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Beaded Native American Medicine Bag

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    Posted 5 years ago

    bradwhomble
    (19 items)

    This has been in a safe deposit box for 60 years, trying to ID a maker. It is very soft maybe fawn skin no damage leather need to be cleaned. they are Czech glass beads. Posting strap in another post.

    Unsolved Mystery

    Help us close this case. Add your knowledge below.

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    Comments

    1. bradwhomble bradwhomble, 5 years ago
      Should have put the size down 5" x 7" Approx.
    2. Efesgirl Efesgirl, 5 years ago
      I think it will be next to impossible to ID a maker or even a tribe. Many of these were made for the tourist market. The seed beads are made in several different countries.

      http://www.bigbeadlittlebead.com/guides_and_information/seed_beads_guide.php

      "Italy pioneered the process of conterie or seed bead manufacture, with much of their output used as trade beads by European merchants when exchanging goods with American Indians, Africans, and the indigenous populations of the many other colonial centres around the world. For a little over two hundred years the bead makers of Murano had a virtual monopoly on this process until the Czechs entered the market place in the 18th century. (To learn more about the growth of Czech glass read our History of Czech Glass Bead Manufacture). The process was based around the technique of drawing out glass, whereby a mass of molten glass was literally drawn or pulled into a hollow cane tube. The molten glass was gathered on the end of a tool called a puntile, then a bubble was introduced in to the centre of the glass, after which a second puntile was attached, before the glass and bubble were drawn out into a long cane. The stretching could be achieved on a small scale by one person working alone, or on a larger scale by two people moving quickly but steadily in opposite directions for up to a hundred feet or more!"
    3. bradwhomble bradwhomble, 5 years ago
      I had a expert tell me they are Czech beads and the bag what looks to me to be a Lakota star these came from the Dakota's to me so most likely east coast
    4. bradwhomble bradwhomble, 5 years ago
      Also even if made as a tourist piece earley 1900's should be easier to ID they made them with traditional symbols in same way always made I can ID a Navajo or Ute piece old or new. Infact should be easier to ID they made them with easy to understand symbols for tourist that's what they wanted.
    5. CanyonRoad, 5 years ago
      The orange, green, and yellow combination used here is not typical of any Native American Indian traditional bead work.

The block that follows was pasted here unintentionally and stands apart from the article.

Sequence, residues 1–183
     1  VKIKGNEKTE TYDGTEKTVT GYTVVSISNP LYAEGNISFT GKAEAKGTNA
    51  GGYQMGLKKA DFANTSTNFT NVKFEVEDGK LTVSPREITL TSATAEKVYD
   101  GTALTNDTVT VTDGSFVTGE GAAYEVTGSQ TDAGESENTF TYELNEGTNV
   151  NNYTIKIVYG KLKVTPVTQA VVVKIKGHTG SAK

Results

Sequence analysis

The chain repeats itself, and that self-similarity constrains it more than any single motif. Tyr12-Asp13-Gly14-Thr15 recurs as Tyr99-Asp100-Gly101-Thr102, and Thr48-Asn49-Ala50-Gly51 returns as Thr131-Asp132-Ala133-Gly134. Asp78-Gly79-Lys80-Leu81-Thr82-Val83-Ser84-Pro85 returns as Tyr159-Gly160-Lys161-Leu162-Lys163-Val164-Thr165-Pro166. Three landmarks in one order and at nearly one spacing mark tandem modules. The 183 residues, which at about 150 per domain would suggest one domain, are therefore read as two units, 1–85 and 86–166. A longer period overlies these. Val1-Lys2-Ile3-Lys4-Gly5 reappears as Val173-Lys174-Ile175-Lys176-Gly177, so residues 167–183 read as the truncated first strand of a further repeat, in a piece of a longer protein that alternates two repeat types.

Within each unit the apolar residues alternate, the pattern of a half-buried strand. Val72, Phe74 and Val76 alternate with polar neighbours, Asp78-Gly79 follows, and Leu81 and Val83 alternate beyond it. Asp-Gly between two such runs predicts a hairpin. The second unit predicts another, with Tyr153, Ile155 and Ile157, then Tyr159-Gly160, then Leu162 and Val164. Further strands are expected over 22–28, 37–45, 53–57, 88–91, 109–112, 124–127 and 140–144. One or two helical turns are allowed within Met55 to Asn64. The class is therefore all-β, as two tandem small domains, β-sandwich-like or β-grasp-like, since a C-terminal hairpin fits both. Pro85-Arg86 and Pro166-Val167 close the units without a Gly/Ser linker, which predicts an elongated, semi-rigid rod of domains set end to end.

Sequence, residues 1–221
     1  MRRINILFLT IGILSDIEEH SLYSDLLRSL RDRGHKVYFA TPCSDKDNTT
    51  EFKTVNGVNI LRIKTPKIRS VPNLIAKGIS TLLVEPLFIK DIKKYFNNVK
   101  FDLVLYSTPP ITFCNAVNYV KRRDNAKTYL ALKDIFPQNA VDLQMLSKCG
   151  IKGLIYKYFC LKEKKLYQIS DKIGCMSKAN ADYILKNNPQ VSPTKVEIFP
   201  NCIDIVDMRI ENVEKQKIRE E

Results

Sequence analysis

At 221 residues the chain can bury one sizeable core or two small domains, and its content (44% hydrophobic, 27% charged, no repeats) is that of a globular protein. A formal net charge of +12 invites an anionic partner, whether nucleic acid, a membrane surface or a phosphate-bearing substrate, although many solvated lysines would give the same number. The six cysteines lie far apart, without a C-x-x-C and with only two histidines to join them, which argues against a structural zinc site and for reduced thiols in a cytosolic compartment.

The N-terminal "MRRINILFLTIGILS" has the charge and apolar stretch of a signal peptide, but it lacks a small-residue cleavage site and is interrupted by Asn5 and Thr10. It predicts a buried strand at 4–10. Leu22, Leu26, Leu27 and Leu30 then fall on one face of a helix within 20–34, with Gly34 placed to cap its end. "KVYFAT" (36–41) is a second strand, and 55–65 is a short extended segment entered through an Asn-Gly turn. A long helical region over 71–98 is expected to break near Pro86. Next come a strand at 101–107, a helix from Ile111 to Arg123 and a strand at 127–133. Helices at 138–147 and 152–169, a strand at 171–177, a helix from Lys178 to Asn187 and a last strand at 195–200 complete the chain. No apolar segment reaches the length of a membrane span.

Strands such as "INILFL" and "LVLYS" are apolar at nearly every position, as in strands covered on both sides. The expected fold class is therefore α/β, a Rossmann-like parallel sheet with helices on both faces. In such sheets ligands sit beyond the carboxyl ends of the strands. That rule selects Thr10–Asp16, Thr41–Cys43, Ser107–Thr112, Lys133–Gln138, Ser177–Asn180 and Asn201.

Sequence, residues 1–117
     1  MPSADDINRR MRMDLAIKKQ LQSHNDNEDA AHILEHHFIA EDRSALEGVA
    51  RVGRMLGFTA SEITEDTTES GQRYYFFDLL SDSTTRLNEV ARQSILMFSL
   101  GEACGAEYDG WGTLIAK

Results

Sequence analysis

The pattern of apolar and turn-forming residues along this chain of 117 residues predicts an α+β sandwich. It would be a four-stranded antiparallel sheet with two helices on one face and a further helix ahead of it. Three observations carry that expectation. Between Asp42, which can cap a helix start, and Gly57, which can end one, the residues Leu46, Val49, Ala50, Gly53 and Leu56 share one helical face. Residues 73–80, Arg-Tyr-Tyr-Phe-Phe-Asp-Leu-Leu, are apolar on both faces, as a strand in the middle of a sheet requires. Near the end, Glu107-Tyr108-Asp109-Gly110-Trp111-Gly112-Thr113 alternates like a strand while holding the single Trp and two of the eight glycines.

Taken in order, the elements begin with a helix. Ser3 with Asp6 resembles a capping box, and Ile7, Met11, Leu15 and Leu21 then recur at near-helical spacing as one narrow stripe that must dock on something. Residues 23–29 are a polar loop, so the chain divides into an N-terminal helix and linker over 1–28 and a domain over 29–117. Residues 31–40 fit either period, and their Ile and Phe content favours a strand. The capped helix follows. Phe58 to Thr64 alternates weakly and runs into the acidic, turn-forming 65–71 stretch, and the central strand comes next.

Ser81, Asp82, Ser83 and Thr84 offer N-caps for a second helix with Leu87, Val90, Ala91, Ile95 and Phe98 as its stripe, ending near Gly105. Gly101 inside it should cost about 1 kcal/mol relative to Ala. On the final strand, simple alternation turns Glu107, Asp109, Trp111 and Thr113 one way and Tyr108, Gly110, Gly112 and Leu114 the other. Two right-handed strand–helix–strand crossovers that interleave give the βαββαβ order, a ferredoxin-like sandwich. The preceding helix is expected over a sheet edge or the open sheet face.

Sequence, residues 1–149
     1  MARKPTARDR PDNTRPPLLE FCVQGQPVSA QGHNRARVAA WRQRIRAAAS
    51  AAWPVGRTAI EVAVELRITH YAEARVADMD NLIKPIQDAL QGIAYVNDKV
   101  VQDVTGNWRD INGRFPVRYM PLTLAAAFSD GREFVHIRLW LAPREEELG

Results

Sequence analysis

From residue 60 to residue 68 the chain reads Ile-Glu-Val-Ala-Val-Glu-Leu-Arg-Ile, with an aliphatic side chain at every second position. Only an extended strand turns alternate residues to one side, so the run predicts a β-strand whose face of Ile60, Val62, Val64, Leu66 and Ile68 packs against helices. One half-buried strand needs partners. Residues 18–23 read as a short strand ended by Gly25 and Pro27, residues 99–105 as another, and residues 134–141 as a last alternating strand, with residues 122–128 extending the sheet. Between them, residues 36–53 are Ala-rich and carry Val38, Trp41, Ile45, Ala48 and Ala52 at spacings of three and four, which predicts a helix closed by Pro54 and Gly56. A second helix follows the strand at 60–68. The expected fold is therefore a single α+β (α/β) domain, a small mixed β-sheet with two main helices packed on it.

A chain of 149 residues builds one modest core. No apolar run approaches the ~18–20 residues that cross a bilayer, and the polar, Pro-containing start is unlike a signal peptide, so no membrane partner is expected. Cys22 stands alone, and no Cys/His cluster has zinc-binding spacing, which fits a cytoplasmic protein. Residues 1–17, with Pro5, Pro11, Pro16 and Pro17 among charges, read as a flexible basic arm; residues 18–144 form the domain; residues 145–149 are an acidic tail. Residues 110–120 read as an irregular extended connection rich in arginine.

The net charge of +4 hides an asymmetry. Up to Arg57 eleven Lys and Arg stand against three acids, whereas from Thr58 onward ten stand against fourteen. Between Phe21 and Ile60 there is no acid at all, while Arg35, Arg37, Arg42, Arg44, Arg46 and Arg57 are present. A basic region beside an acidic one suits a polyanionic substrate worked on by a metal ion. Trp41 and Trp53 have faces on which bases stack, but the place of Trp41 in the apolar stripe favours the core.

And one can't assume that the "Lakota star" design necessarily means that there is any connection to the Lakota or any other American Indian tribe. It's one of the most popular design patterns, found in quilting, beading books, and bead kits.

      In this case, the bead work actually has more of a Scandinavian look than American Indian. But perhaps this was made as a souvenir item to appeal to the Scandinavian population of the Dakotas. Or made by a Scandinavian woman, using her own cultural heritage to influence the colors and patterns. Bead work like this was very popular in the 1950s, which was roughly 60 years ago.

      Since it's loom beaded, not sewn on or stitched bead work, I think there is no basis to believe that this is early 1900s, or American Indian-made.
    6. Efesgirl Efesgirl, 5 years ago
      That is information you should have included in your original narrative above. It would have saved me all that time I spent searching out info on the seed beads. Since you already know it comes from the Lakota Sioux and had the pouch looked at by an expert, then there's not much of a mystery anymore. If you are looking to pin a name to the pouch, then that will be a great deal tougher to do.
    7. bradwhomble bradwhomble, 5 years ago
      You are putting word I never wrote, I said the beads were ID not the rest. I was guessing on the design I think they are 60-100 old do not think boy scouts made them. Every thing made after 1900 is for tourist And way before that they were selling and trading making thing we wanted 90% it trade material or for tourist. I guess there is no way to ID who or why someone made them. Wasting my time trying to figure out it seems to me what I am being told.
    8. Efesgirl Efesgirl, 5 years ago
      CanyonRoad is highly knowledgeable about many things, so I would recommend taking that information as offered. Sorry, but there is absolutely no way to find out who made either of your items.

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